What is a currency certificate?

What is a currency certificate?

A currency certificate is also called a foreign exchange (Forex) certificate (FEC), and it validates that the bearer is entitled to a certain amount of foreign currency upon the redemption of the certificate, or that a certain amount of foreign currency was exchanged for it.

This is not to be confused with a certificate of currency, which is proof that some types of insurance are currently in effect. Currency certificates have been historically used in countries with closed or controlled economies, such as the Soviet Union, Cuba, and China.

Where there was a reason (and permission) to trade with foreign countries, FECs would be the receipt of the transaction that would entitle the bearer to a certain amount of local currency credit. These could be required to be used by tourists to the country, or by domestic companies purchasing imports.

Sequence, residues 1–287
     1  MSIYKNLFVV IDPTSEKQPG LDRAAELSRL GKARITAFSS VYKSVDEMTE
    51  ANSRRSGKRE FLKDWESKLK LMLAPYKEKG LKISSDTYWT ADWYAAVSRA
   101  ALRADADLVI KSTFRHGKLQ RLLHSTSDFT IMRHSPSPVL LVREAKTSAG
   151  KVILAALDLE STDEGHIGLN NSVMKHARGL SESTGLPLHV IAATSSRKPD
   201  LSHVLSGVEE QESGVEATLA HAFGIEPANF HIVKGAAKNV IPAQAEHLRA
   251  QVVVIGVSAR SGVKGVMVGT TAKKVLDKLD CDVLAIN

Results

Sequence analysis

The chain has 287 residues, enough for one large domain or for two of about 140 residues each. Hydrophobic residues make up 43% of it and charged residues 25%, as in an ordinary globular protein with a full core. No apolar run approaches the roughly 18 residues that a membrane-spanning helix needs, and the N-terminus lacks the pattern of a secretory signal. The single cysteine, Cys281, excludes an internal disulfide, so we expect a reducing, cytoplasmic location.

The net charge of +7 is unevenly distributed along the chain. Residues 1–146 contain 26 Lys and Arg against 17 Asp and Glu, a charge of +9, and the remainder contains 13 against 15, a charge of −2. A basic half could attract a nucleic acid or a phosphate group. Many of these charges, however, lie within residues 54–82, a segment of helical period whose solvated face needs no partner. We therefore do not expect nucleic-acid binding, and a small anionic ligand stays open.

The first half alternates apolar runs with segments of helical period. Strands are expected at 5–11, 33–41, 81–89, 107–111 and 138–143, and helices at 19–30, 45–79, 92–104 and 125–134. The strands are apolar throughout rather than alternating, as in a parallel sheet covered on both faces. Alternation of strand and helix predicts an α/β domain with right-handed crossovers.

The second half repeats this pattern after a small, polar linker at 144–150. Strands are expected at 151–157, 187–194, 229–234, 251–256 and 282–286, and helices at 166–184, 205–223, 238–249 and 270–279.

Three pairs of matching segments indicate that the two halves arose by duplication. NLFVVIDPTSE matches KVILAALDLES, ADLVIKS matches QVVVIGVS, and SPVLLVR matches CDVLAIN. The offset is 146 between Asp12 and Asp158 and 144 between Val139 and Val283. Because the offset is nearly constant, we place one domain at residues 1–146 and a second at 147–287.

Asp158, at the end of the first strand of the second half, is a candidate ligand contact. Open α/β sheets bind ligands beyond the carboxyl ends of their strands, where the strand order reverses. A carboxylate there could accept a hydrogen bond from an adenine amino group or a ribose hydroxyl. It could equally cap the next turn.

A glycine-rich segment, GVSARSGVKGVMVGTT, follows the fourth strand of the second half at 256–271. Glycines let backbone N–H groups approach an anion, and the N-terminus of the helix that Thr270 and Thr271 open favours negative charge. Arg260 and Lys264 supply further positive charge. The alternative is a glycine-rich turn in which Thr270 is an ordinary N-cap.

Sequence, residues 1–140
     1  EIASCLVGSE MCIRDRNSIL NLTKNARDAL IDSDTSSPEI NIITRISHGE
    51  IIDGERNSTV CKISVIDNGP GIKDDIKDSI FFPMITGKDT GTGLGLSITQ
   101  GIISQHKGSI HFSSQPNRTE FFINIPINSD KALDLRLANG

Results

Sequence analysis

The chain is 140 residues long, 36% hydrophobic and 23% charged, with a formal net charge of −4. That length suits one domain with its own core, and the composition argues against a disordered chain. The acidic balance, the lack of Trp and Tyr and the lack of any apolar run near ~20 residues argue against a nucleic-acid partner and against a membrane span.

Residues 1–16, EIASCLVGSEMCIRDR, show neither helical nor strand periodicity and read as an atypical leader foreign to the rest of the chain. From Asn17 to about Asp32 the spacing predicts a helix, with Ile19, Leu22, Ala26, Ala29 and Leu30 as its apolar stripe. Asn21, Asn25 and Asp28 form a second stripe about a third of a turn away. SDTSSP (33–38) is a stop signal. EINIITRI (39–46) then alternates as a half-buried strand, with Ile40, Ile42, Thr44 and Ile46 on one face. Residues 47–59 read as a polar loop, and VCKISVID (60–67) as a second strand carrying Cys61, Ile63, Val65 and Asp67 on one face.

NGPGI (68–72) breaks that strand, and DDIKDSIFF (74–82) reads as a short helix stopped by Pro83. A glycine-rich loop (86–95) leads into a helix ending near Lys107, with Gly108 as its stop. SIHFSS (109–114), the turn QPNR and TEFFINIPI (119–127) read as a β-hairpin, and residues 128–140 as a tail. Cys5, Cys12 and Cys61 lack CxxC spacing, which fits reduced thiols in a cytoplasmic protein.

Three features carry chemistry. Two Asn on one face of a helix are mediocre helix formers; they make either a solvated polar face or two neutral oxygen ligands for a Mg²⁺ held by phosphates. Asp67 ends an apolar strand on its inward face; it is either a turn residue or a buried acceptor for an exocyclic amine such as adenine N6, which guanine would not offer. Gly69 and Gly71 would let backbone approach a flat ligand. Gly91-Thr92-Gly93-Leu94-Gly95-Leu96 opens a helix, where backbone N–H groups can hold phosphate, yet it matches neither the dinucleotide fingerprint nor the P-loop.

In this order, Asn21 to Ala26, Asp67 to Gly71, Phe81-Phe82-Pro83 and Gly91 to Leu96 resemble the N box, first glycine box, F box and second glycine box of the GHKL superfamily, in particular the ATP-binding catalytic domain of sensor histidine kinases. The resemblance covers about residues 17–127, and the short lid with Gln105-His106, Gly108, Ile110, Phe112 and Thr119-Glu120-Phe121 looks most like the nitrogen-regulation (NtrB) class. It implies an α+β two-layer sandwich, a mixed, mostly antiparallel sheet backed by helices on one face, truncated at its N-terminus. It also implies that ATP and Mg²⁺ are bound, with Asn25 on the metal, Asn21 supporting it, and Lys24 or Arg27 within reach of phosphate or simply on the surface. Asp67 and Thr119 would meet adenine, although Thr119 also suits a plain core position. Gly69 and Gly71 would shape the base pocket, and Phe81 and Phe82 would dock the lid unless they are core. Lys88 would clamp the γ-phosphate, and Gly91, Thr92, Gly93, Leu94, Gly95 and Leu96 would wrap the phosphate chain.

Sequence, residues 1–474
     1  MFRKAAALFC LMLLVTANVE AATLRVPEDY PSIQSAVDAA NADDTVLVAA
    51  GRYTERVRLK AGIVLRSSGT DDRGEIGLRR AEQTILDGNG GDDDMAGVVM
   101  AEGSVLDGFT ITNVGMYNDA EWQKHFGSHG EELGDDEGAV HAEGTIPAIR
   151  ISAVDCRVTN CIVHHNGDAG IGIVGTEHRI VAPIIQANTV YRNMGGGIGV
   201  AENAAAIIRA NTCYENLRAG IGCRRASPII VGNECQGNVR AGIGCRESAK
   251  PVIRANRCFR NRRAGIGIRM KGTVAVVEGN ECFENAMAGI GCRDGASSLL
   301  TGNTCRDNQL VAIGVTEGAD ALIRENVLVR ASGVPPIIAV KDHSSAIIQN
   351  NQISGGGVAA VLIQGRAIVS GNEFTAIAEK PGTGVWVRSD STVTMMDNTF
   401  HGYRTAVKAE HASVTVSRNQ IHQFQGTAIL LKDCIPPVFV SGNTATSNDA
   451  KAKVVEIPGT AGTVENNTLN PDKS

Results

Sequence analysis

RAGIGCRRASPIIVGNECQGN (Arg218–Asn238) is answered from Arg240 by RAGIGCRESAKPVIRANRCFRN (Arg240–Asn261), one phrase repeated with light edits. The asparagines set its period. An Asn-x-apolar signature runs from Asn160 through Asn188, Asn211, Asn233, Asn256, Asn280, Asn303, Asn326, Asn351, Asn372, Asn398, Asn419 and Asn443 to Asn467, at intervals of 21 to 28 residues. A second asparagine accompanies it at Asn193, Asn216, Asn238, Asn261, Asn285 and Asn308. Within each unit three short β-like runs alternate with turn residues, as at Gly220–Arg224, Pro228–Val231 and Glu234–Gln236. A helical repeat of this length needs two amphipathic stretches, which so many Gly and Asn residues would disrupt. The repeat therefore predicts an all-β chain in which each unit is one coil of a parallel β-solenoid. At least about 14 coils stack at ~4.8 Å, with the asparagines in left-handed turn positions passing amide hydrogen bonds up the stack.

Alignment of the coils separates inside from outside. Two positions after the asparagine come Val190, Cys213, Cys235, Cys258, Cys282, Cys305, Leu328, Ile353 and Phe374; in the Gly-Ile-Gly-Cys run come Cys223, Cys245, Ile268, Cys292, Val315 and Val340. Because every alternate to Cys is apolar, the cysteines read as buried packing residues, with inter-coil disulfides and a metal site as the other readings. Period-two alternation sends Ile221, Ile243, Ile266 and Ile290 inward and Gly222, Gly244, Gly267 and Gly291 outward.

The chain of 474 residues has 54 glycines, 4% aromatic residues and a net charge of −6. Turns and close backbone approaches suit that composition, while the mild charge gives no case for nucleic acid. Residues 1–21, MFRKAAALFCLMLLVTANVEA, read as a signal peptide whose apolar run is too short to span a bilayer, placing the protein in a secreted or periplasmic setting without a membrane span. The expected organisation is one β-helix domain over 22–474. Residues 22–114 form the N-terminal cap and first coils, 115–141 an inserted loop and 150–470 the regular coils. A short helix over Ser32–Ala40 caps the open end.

These allow the government to closely monitor and control cash flows across their borders. The alternative in such situations is a black market, and of course the country will do what it can to prevent a black market from forming or growing. This may include offering a more favorable exchange rate that could be found elsewhere.

Today, most currencies are convertible, and most economies are open to foreign trade in a less-regulated way.